Last week, the city of Jacksonville won a $222,000 default judgment against businesses belonging to the family of Jacksonville City Councilwoman Katrina Brown.
This judgment was the culmination of a long-standing legal action against CoWealth LLC and Basic Products LLC, two shell companies of the Brown family that — back in 2011 — accepted roughly $600,000 in loans and grants designed to kick-start a BBQ sauce plant that was intended to be a job-creating engine for Northwest Jacksonville.
Alas, the engine stalled — of the 56 jobs that were intended to be created, zero permanent jobs came to pass.
An amended motion for default was filed by the city with the Duval County Court on June 20, with the city pressing two shell companies — “CoWealth LLC” and “Basic Products LLC” — for $210,549.99 in claw-back money and another $10,585.01 for interest, calculated back to June 2016, when the city of Jacksonville began to move toward litigation.
Jax mulls suit of opioid producers
As part of its ongoing fight against opioid overdoses, the city of Jacksonville is mulling a lawsuit against Big Pharma companies, a strategy discussed Thursday afternoon by Councilman Bill Gulliford in Council Chambers.
Making a presentation at the meeting: Robbins Geller Rudman & Dowd LLP, a firm which has specialized in class action consumer protection suits, including a successful action against Enron years ago for billions of dollars.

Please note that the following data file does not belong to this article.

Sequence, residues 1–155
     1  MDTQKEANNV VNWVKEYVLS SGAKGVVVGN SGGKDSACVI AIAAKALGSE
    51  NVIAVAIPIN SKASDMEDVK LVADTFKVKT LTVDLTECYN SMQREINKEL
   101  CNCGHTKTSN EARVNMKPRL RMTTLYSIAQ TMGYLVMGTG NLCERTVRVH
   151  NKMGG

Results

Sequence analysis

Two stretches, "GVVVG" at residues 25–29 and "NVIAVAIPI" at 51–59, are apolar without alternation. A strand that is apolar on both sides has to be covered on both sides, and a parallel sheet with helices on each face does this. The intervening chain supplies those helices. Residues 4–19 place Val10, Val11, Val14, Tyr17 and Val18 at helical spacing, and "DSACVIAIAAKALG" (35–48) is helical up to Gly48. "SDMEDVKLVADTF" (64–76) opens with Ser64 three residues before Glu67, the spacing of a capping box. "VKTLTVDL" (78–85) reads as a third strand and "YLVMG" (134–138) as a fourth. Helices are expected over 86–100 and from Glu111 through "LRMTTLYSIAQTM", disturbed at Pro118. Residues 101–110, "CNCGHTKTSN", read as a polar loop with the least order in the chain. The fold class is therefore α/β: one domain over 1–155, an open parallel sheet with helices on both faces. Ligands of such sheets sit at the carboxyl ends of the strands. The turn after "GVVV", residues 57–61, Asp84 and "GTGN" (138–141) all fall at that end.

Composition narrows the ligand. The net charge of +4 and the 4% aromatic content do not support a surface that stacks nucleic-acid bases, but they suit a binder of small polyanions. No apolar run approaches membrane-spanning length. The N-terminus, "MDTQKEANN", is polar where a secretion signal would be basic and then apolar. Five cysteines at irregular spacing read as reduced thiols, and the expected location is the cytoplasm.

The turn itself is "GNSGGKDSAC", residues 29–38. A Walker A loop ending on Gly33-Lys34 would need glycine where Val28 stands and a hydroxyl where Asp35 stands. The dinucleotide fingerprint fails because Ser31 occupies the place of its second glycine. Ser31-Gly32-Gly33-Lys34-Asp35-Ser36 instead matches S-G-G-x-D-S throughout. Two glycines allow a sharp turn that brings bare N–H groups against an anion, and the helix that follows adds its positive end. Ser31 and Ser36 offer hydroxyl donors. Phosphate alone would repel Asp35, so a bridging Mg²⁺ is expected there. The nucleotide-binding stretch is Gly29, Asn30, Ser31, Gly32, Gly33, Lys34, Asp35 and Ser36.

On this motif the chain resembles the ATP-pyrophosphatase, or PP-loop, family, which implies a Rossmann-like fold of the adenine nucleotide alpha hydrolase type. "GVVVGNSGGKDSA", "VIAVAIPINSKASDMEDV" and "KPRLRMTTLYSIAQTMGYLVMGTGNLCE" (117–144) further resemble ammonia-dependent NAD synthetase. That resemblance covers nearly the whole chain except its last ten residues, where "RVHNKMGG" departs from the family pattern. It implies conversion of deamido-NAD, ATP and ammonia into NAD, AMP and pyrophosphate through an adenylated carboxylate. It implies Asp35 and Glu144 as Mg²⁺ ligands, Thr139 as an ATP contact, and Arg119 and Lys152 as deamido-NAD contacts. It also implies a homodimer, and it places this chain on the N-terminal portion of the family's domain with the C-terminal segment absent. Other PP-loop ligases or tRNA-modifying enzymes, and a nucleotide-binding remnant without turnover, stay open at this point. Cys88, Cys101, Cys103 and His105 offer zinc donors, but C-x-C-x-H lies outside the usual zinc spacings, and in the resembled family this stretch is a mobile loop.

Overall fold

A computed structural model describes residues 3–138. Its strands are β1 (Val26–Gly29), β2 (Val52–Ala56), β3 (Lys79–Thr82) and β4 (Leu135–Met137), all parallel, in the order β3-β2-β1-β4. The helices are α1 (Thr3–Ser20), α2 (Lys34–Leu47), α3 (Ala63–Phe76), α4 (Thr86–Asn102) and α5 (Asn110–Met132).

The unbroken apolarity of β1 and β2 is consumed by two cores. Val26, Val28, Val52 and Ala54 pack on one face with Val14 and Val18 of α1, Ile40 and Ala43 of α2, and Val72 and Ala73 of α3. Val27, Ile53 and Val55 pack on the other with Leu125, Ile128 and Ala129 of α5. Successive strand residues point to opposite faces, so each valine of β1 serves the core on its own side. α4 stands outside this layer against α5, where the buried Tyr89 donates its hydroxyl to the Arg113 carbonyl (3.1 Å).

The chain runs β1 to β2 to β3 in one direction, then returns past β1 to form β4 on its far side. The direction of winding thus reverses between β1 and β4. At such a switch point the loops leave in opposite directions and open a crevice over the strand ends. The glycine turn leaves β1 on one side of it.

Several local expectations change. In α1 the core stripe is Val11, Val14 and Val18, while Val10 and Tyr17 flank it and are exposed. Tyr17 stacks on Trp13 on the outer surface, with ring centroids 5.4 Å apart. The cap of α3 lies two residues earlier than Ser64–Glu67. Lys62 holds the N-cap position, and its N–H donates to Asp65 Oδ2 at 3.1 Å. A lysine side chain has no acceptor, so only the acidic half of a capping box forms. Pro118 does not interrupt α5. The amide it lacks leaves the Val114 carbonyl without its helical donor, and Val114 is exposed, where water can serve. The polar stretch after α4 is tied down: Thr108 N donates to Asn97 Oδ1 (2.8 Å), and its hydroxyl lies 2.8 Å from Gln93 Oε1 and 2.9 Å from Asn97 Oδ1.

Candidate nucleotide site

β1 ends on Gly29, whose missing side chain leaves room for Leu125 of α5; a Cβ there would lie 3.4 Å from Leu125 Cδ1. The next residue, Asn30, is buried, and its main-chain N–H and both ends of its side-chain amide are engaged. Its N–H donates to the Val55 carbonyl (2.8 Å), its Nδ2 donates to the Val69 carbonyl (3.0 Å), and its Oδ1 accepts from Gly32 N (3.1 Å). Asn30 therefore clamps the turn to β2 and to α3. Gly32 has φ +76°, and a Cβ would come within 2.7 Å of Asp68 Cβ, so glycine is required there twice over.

There is a precedent for such legal action being taken. Reutersreports that Ohio, Mississippi, and Missouri are all suing pharmaceutical companies, on the grounds of their aggressive marketing running afoul of consumer protection laws.
Closer to home, Delray Beachis suing opioid manufacturers, claiming that their product spawned the city’s heroin epidemic, with each overdose costing the town $2,000 — a number that Gulliford said didn’t sound unreasonable, given the expenses of transport and treatment for each victim.
The law firm that presented in Jacksonville Thursday is the same one representing Delray Beach in its action.
Wally Lee, RIP
This week, Jacksonville mourned former Jax Chamber President Lee, who saw the organization through a period of local and regional growth and transition.
The Jax Daily Record notes that Lee had a blood infection after emergency surgery for a spinal cyst in late July.